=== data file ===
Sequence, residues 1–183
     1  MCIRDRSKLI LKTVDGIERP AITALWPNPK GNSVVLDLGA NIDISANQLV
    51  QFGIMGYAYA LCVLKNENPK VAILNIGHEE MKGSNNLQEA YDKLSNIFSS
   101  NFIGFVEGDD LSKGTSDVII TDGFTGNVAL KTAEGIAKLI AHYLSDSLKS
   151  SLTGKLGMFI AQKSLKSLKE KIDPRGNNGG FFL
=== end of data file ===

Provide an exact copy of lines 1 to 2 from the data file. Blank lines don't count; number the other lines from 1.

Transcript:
Sequence, residues 1–183
     1  MCIRDRSKLI LKTVDGIERP AITALWPNPK GNSVVLDLGA NIDISANQLV